3. Loss of equipment and setup of replacement equipment.
  4. System to recover from complete loss, cost, and length of recovery time weighed against the business needs.
  5. Potential losses against what is available to spend for disaster recovery and mitigation

6. Develop the plan

  1. Establish recovery procedures
  2. Create a recovery team
  3. Develop an IT contingency plan - The plan must include roles and responsibilities of involved staff and define involved teams

7. Test the plan

Make the test team go through the process of setting up a replacement network and new systems without access to information or facilities in the main building as though it had been destroyed. Make them provide all documentation including:

  1. Procedures for building all servers
  2. Contact information for vendors and internal people who must be contacted during an emergency. Include contact information for ISPs.
  3. Network drawings and documentation including documentation about IP addresses, netmasks of the network, ISP router information, ISP DNS information.
  4. IT policies and procedures including security policies for re-establishment of policies and procedures should the primary facility be destroyed.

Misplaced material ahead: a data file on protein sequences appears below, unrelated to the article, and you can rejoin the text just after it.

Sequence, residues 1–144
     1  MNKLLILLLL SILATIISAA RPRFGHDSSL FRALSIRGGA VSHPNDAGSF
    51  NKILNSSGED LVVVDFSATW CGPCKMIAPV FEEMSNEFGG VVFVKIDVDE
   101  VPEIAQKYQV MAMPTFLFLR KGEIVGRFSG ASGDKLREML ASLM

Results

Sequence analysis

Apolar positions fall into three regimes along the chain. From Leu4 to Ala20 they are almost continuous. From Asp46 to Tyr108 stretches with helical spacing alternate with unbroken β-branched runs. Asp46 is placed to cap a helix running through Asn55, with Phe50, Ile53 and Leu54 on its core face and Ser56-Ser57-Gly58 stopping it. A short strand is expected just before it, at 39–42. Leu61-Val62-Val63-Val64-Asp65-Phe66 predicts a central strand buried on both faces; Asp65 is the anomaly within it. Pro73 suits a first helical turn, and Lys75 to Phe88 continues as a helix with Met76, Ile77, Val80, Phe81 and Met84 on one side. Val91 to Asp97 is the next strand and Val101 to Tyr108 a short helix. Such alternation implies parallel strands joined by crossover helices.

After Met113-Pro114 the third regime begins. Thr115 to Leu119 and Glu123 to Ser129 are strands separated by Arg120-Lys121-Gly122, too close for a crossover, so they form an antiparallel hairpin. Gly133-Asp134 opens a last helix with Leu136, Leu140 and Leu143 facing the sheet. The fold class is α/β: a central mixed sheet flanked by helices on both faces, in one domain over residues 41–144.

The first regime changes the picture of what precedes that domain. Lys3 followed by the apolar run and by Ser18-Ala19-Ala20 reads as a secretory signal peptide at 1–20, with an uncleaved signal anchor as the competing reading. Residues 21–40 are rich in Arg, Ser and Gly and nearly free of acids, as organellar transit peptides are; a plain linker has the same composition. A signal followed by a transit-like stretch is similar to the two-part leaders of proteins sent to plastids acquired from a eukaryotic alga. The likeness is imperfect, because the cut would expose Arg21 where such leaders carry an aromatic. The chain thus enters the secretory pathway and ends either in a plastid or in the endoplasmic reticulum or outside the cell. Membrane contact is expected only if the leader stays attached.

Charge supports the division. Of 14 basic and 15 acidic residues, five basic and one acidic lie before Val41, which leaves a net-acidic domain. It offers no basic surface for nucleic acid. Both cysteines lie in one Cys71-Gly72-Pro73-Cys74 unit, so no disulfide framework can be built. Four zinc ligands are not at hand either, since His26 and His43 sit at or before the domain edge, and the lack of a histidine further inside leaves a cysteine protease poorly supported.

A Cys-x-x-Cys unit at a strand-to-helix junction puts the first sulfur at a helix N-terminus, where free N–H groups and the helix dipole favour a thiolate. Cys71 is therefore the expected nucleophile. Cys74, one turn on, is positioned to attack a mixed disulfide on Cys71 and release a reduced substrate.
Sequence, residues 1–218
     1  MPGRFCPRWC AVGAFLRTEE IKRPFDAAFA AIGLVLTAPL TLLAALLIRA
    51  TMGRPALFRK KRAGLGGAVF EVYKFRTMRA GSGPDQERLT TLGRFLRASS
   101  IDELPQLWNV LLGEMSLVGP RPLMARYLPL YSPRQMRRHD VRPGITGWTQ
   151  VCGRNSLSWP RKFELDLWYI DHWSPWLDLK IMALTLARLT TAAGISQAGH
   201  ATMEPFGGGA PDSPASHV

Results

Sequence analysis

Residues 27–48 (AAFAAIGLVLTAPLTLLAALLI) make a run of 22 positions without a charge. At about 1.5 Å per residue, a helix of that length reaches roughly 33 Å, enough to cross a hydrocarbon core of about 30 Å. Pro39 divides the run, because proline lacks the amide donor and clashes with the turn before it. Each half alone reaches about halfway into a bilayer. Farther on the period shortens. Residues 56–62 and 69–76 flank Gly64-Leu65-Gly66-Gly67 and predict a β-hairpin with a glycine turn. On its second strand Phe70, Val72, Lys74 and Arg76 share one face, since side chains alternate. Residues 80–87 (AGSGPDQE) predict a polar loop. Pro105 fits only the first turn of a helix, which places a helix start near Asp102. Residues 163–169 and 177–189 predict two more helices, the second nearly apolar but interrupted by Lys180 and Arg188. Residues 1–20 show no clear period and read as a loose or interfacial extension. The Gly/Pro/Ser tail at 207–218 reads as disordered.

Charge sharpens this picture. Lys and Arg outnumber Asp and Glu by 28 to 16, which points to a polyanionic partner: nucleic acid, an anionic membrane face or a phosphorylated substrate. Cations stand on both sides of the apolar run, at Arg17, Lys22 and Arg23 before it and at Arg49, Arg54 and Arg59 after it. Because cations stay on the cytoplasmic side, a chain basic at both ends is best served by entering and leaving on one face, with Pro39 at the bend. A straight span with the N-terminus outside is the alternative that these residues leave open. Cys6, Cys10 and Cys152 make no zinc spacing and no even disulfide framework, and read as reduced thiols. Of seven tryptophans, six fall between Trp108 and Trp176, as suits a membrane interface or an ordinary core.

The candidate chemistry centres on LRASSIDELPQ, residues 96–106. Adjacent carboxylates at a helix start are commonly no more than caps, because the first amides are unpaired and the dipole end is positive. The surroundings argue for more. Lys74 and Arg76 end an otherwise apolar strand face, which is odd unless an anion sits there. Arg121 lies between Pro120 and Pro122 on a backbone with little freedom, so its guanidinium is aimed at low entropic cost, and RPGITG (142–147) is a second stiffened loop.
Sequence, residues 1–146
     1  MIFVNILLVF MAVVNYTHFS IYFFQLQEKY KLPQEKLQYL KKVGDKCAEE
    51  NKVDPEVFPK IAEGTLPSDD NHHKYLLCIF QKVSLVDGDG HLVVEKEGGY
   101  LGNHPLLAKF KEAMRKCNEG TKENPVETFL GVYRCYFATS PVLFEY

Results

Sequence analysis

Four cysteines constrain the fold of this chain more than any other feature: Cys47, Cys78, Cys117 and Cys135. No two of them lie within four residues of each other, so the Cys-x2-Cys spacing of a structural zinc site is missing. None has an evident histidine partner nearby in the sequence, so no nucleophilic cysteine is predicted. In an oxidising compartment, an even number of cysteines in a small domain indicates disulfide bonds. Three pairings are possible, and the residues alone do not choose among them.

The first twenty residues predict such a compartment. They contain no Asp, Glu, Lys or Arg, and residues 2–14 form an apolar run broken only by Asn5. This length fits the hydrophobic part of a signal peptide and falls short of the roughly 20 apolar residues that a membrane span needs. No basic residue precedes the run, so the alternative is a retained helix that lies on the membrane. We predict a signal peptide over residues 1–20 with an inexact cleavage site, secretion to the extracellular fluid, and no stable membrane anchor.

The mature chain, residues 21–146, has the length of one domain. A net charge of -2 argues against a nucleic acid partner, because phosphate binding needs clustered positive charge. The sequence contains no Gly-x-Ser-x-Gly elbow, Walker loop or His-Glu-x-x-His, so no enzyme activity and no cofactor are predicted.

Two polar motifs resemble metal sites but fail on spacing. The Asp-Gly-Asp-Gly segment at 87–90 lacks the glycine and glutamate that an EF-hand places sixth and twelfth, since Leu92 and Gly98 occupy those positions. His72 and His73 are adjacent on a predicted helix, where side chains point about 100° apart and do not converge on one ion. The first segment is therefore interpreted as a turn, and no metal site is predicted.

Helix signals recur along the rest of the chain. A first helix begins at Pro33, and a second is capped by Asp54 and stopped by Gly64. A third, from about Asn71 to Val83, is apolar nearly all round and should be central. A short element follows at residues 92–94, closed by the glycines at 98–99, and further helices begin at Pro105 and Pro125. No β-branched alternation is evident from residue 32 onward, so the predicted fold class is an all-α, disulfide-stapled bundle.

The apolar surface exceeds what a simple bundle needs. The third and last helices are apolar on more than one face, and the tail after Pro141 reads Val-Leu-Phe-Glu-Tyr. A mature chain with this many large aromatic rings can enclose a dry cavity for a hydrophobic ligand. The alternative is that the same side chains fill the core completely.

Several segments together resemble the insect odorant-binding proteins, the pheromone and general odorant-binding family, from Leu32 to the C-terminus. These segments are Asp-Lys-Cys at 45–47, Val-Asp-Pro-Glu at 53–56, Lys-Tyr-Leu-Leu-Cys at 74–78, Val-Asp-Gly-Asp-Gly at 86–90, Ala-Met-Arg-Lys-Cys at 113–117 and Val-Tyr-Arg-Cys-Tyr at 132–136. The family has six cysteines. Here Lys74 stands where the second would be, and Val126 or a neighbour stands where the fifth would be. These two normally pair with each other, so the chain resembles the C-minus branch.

5. All software and licenses needed to re-build all systems.
  6. Backed up data that can be restored.
  7. Documentation about every system configuration including how it is secured, services that are running, the latest patches.

Plan testing, training, and exercises

  1. Test system recovery on a different computer from backup media.
  2. Test internal and external connectivity
  3. Test the performance of systems on the alternate equipment.

8. Plan maintenance

The plan must be reviewed and updated regularly to be sure that it is kept current as business requirements and technology both change. Consider:

  1. Names and contact information of venders changing
  2. Names and contact information of team members changing
  3. Changes to available and required hardware and software.
  4. Changes to technical procedures caused by business requirements changes or technology changes.
  5. Changes to security requirements.
  6. Changes to operational requirements.